Whether you want to go hunting for prized black truffles or to enjoy the gourmet fungus in risottos, pastas and omelettes, the perfect place to do it is in Istria, Croatia.
The truffle trade
The truffle trade is less like a business than a highly profitable cult, revolving around an expensive, malodorous, subterranean fungus which is picked in dark woods and sold for a small fortune. Devotees claim that once you've tasted this small, nut-shaped delicacy, all other flavours seem insipid.
There are 70 sorts of truffles in the world, of which 34 come from Europe. The traditional truffle-producing countries are Italy, France and Spain, but Istrian forests boast three sorts of black truffles as well as the big white truffle (one of the most prized in the world, at 34,000KN per kilo).
Croatia's largest exporter of Istrian truffles is Zigante Tartufi. In 1999 the company's owner Giancarlo Zigante, along with his dog Diana, found the world's largest truffle in Istria, weighing 1.31kg and making it into the Guinness Book of World Records.
Because no sign of the truffle appears above ground, no human can spot it, so dogs (or, traditionally, pigs) are the key to a successful truffle hunt. Istrian truffle-hunting dogs (breks) may be mongrels, but they are highly trained. Puppies begin their training at two months, but only about 20% of them go on to have fully fledged careers as truffle trackers.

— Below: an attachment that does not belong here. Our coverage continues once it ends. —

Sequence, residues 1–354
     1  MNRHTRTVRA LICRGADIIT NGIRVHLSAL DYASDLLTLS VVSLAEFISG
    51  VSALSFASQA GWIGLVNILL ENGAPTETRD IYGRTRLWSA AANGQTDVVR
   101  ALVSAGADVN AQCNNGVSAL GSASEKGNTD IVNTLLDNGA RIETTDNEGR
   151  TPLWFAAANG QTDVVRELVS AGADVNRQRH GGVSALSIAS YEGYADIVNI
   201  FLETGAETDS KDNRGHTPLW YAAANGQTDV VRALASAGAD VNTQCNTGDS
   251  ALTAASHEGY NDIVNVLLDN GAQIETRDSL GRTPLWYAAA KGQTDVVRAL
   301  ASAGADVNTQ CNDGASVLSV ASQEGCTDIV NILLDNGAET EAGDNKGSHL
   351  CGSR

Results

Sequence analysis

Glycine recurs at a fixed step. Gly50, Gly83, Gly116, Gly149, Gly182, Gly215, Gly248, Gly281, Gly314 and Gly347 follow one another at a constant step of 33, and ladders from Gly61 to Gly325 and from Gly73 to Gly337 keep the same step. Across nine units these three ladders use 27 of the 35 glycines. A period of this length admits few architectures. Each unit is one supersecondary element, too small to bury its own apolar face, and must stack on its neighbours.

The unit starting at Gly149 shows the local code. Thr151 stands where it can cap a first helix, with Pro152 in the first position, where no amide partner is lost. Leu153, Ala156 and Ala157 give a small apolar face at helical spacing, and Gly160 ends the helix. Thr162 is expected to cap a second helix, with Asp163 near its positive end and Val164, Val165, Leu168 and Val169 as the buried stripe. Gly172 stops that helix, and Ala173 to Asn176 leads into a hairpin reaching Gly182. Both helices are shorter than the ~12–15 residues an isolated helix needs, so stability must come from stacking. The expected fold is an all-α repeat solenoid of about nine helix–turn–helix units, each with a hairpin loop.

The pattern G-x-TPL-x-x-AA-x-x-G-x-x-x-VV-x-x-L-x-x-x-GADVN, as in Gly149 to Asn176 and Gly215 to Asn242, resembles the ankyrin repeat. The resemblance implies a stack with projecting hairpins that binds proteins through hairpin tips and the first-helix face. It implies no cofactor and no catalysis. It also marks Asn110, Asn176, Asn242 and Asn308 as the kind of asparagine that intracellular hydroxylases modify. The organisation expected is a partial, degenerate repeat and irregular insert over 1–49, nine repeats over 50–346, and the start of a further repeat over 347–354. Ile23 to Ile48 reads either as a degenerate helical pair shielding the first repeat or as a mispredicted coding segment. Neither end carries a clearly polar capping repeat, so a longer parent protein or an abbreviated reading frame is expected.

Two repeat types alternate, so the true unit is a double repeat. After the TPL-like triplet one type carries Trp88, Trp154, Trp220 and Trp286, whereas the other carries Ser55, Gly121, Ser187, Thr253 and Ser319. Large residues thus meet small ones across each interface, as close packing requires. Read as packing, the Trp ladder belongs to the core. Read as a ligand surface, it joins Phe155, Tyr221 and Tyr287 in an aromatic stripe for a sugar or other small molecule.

The truffle-hunting season starts in October and continues for three months, during which time at least 3000 people and 9000-12,000 dogs wander around the damp Motovun forests. The epicentre of the truffle-growing region is the town of Buzet.
How to experience truffles in Croatia:
Take a truffle tour
If you want to experience truffle-hunting, contact the friendly Karlić family, who can arrange such a trip; request a tour in English ahead of time. The tour includes a story about truffles, cheese and truffle tasting, and then a hunt in the forest that lasts up to two hours.
Eat them! Try these restaurants:
Sveti Nikola, Poreč
Culinary innovation is part of the deal at this elegant restaurant by the water. You can't go wrong with the set menus, but the fish fillet with asparagus and black truffles is a sumptuous experience.
Gostiona Kvarner, Labin
Just steps from Titov Trg, this restaurant has a terrace overlooking the sea, good food and a loyal following of locals. The fuži (hand-rolled pasta) with truffles is a measly 80KN, which is a bargain considering the expense of truffle-hunting.
Konoba Marino, Pazin
It dishes out copious portions of fuži with game, ombolo (boneless pork loin) with cabbage, and a variety of truffle dishes in a cosy tavern.
Stara Oštarija, Buzet
This is the place to try truffles in the old town. For a splurge, order a slow-food truffle menu of six courses (645KN for two). It even has ice cream with olive oil and truffles! The classy place has views of the valley below.
If food and travel are your passions, then be sure to sample the many tasty offerings served up by the new Lonely Planet book A Moveable Feast, a 38-course meal of food tales from around the world. You can find out more about truffles in Andrew Zimmern's chapter, Like Father Like Son.